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Wild Edible Plants
Benefits, Hazards, and Major Groups

wild edible plants salmonberry

By Filip Tkaczyk

We are surrounded by wild edible plants every day. In trying to learn about them, you might quickly feel overwhelmed by the staggering amount of information available. Here are some important consideration for getting started:

- Identifying Plants
- Benefits
- Hazards
- Major Groupings

Identifying Wild Edible Plants

It is vital that you can identify the wild edible plants that you intend to utilize. Some edible plants have deadly poisonous look-alikes. Good field guides are invaluable. The best guides clearly explain identification, collection, and preparation techniques. We highly recommend the following guides:

- Identifying and Harvesting Wild Edible and Medicinal Plants by Steve Brill
- Discovering Wild Plants by Janice Schofield


Wild edible plants are very beneficial for you and your family for many reasons. First of all, there are wild edibles growing near you no matter what part of the world you live in. Chances are good, you can find a large number of species where you live and some of them are likely to be plentiful.

Secondly, many wild plants are highly nutritious and can be even more nutritious than many store bought fruits and vegetables. For instance, dandelion which you might think of as little more than a garden-variety weed is actually an incredibly nutritious wild edible plant. In a single hundred gram amount of cooked dandelion greens, there is 11,000 mg of Potassium, 18 mg of vitamin C and 42 mg of calcium.

You might consider eating the dandelions in your yard, rather than removing or poisoning them. Though if you are going to consume edible plants, make sure you also consider the hazards.


There are some dangers in collecting and eating wild edibles. To begin with, think about the location you are gathering and consider the following:

- Is the area sprayed with pesticides or herbicides?

- Is the area close to a busy road or other source of pollution?

- Does your target species have any poisonous look-alikes?

Also consider that because wild edible plants are often more nutritionally concentrated than store bought foods - you may not need to eat as much quantity as you would of foods from home. It is also wise to start off eating very small quantities of wild edible plants, especially those you have not tried before, in case of potential allergic reactions. Test them before you collect or eat large quantities.

Also, the hazard that many people forget to consider, and it is one of the most important, is the hazard you pose to the plants themselves!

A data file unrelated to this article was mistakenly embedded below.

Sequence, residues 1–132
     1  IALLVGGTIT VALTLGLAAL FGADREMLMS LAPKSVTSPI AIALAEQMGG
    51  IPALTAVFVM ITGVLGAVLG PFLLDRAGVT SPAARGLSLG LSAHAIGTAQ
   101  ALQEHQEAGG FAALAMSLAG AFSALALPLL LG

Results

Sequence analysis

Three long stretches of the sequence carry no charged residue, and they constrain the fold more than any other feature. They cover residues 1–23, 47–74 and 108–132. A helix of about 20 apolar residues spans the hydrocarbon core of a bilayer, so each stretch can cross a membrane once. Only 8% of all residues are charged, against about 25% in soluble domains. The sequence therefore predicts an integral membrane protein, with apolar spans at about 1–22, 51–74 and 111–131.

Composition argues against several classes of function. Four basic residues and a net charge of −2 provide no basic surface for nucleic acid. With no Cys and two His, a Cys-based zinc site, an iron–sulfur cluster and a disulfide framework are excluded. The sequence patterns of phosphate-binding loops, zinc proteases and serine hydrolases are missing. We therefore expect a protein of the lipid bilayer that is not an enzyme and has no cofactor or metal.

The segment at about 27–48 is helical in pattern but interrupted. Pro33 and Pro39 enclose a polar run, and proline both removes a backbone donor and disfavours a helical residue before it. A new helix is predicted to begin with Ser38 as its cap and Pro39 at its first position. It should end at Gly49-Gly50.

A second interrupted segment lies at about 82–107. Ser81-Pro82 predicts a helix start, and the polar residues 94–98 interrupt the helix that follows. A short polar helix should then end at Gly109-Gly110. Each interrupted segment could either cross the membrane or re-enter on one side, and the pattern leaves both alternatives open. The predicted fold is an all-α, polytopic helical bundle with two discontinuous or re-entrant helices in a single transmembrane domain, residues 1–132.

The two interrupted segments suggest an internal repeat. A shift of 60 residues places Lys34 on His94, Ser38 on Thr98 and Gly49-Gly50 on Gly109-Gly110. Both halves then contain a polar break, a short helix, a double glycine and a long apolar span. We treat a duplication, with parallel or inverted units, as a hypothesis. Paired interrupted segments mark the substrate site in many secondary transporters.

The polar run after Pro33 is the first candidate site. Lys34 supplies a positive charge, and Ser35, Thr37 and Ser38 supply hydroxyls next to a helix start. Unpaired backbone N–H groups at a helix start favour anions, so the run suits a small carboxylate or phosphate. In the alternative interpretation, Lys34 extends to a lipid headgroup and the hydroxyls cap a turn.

Please practice wise and sustainable harvesting techniques. Consider the needs of the plants and the other animals that might feed on them.

If the plant you are harvesting is rare, or is the only one of its kind in the location you are at, or especially if the plant is endangered, then leave it alone!

Look for places where the species you are interested in is plentiful. Also look for plants that have abundant fruit, nuts, or berries. This will make your job of gathering less work and also, if you are considerate, it will leave less of an impact on the land. A good guideline is to collect one third of the plant material, leaving two thirds for plant regeneration and wildlife.

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Major Groupings of Wild Edible Plants

There are so many different kinds of wild plants out there in the world. It can really help to initially lump them into more manageable groups that share characteristics, so that you can get to know them more easily. Here are some of the major groups of wild edibles, organized by plant families:

The Lily Family (Liliaceae): This includes species such as:

- Wild onions
- Wild garlic
- Wild leeks
- Camas
- Glacier lilies

The Purslane Family (Portulacaceae): This includes:

- Miner's Lettuce
- Spring Beauty

The Rose Family (Rosaceae): This includes edible plants such as:

- Blackberry
- Raspberry
- Salmonberry
- Thimbleberry
- Wild roses
- Hawthorn
- Serviceberry
- Choke-cherry
- Wild strawberry
- Silverweed

The Heath Family (Ericaceae): This includes species such as:

- Cranberry
- Blueberry
- Huckleberry

The Mustard Family (Brassicaceae): This includes plants such as:

- Pennycress
- Shepard's purse
- Watercress

The Mint Family (Lamiaceae): This includes wild edibles such as:

- Wild mint
- Self-heal

The Sunflower Family (Asteraceae): This includes species such as:

- Dandelion
- Wild sunflower
- Salsify
- Chicory
- Pineapple weed
- Oxeye daisy
- Common burdock
- Thistle species

The Nettle Family (Urticaceae): This includes:

- Stinging nettle

The Cattail Family (Typhaceae): This includes:

- Narrow-leaf and broad-leaved cattail

The Beech Family (Fagaceae): This includes:

- Oaks
- Chestnuts
- Beeches

The Pine Family (Pinaceae): This includes trees such as:

- Pine
- Hemlock
- Douglas-fir
- Spruce

With proper identification and careful consideration of safety & potential hazards, edible wild plants can become an exciting and healthful part of your diet. Happy foraging!

By the way, when you're out foraging for wild plants and mushrooms, it's important to know how to stay safe in the outdoors, especially if you were to get lost. Right now you can get a free copy of our mini survival guide here, where you'll discover six key strategies for outdoor emergencies, plus often-overlooked survival tips.

Additional Resources:

Foraging for Edible Wild Plants - Mother Earth News

Related Courses:

Wild Edible & Medicinal Plants Courses

Filip Tkaczyk

About the Author: Filip Tkaczyk is a periodic guest teacher at Alderleaf. He also wrote the field guide Tracks & Sign of Reptiles & Amphibians. Learn more about Filip Tkaczyk.

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